The West: Earp's- From Wild to Tame
Boot Hill Grave Yard
The Boothill Grave Yard began as the Tombstone Cemetery. Much of the original cemetery is gone, but the main part of it has been preserved. Along with some of the most interesting tombstones.
Bill Clanton, Tom McLaury, Frank McLaury
Murdered on the streets of Tombstone,1881 Tragic results of the O.K. Corral battle, which took place between the Earp Brothers, with Doc Holliday and the cowboys. Three men were killed and three men were wounded.
1870 Jones Township, MO
- Wyatt Earp, 22, married in Jan
- Rilla Earp, 21, wife
- Nicholas Earp, 58, father
- Virginia Earp, 50, mother
- Warren Earp, 13, brother
- Adelia Earp, 9, sister
- Virgil Earp, 26, brother married Rosa Earp, 17
- Newton Earp, 33,brother married Nancy Earp, 24, daughter Effie Earp 2/12 mo.
The later years
In 1920, Wyatt Earp's temperament had calmed and he was a much more content individual, living in Los Angeles County with his wife Josephine, who was 15 years his junior. He still had stock in mining as he'd always done, this time in copper.
Wyatt was living out his life in peace, not knowing that in nine years he would be taking his last breath.
The legend of Wyatt Earp that is remembered and portrayed today is that of an American hero of the cowboy era. While that may be true, Wyatt Earp and the Earp boys were a band of "bad men" remembered quite differently by the media of the time. One thing can be said of the Earp boys, they instilled fear and through fear, respect.
In the early years, Wyatt Earp was one of a passel of kids. When the civil war broke out, he wanted to do his share, but a teenage boy had no business in the war and he was caught several times trying to leave home. By the time he reached the age of 17, there was no stopping him;he went out to see the world. By 1870, his father Nicholas and his mom Virginia were living on an adjoining parcel of land in Missouri. Still at home were his siblings, Warren, Adelia and Virgil. Wyatt had just taken a bride named Rilla. He tried his hand at farming and she tried her hand at keeping house. Rilla later and while with child contracted a bad case of typhoid fever; which she sucummed too; leaving Wyatt alone again.
Wyatts other siblings had scattered and moved on their own, but never to far that they couldn't come into the fold when needed. Wyatt was known as being the smartest, Warren as being the fool hearted, Virgil the oldest and levelheaded, Julian the bravest, Morgan the favorite, James, the follower and Newton J. was the loner.
The Earps quickly learned how to make money, but they lived lavishly and always ended up needing more.
Virgil had a partnership with Beshar Williams, who worked with the Wells Fargo Express Stagecoach. He knew when the coach was carrying money and told the Earps ahead of time what the schedule was for the day. Warren and Julian Earp worked as guards on the coach and Virgil was a marshal. This became a very lucrative setup for the Earps. They would rob the coach,sometime gaining as much as $25,000 in reward; there wouldn't be any risk of getting shot by the guard and then the marshal would get paid to try to go after the thieves. This worked well for the Earps until Beshar Williams was on his deathbed and decided to come clean before he met his maker. The Earps were soon on the move again, using their charm and abilities, they served no time.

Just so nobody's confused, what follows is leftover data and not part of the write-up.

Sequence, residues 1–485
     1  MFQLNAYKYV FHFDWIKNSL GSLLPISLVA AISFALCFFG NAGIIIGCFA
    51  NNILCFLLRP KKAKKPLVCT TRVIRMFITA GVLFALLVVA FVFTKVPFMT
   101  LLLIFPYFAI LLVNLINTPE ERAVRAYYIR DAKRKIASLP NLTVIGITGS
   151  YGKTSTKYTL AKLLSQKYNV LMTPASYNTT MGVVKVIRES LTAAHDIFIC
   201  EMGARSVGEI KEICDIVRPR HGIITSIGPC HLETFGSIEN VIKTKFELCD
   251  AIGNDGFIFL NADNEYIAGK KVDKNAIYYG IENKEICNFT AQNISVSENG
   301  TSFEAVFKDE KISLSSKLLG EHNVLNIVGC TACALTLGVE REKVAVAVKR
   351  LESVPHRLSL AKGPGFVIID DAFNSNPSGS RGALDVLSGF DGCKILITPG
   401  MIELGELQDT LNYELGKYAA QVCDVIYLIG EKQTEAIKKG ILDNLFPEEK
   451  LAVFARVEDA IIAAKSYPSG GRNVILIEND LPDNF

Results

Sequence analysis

Tombstone Village, Pima County Az
1880: EARP FAMILY
- Wyatt S. Earp, 32, single
- Virgil W. Earp, 36 and married Alley Earp, 22
- Mattie Earp, 22
- James C. Earp, 39, married Bessie Earp, 36 and stepdaughter, Hattie Catchin, 17. James was a Saloon Keeper
1880: San Bernardino, California
- Morgan Earp, 29, farmer
- N.P. Earp, 67, his father
- Virginia Earp, 57, his mother
- Louisa Earp, 25, his wife
- Warren B. Earp, 25, his brother
- Minnie Carter, 14 (unknown relationship)
Gamblers, Thieves and Lawmen
The Earp brothers at this point had earned a reputation as ruthless, sharpshooters, gamblers, thieves and soon would add honorable law men to the list.
The civil war had split some of the Earps' from their family. Virgil fought with the 83rd Regt., Illinois Infantry Co.C and Newton J. Earp fought with the 4th Regt, Iowa Cav. Co. F. After the civil war, the Earp brothers began stealing and gambling and looking for riches.
During the 1870's, Wyatt Earp tries his hand at mining in Dodge City, KS, where Virgil and Doc Holliday ended up as well.
Doc Holliday had been in San Antonio, Texas where he had a dental office, but his love of gambling and the life lead him to retire and travel the mining towns. He tried mining camps in Wichita and Aspen to name a few before arriving in Dodge City; where he opened up an office in the Dodge House, Rm #24. Gambling seemed to be what took up most of his time.
Doc was known for being as gentle as a child with a caring heart, but a killer nonetheless; due to the frontier life. His death would come, not by a bullet in a gunfight, instead by consumption in a retreat in Colorado Springs. He died peacefully, but for several years after his death, people swore they had seen him as legends are sometimes hard to die.
Dodge City, KS
The year 1875; Wyatt Earp arrived in Dodge City, KS and his reputation as a marksman among other things lead to his being offered a position as a policeman with a salary of $75.00.
In 1877, Wyatt was once again offered the position of policeman because of his ability to take the most desperate characters into custody without incident. People feared him and would not draw a weapon against him in fear of missing and having to pay the consequences.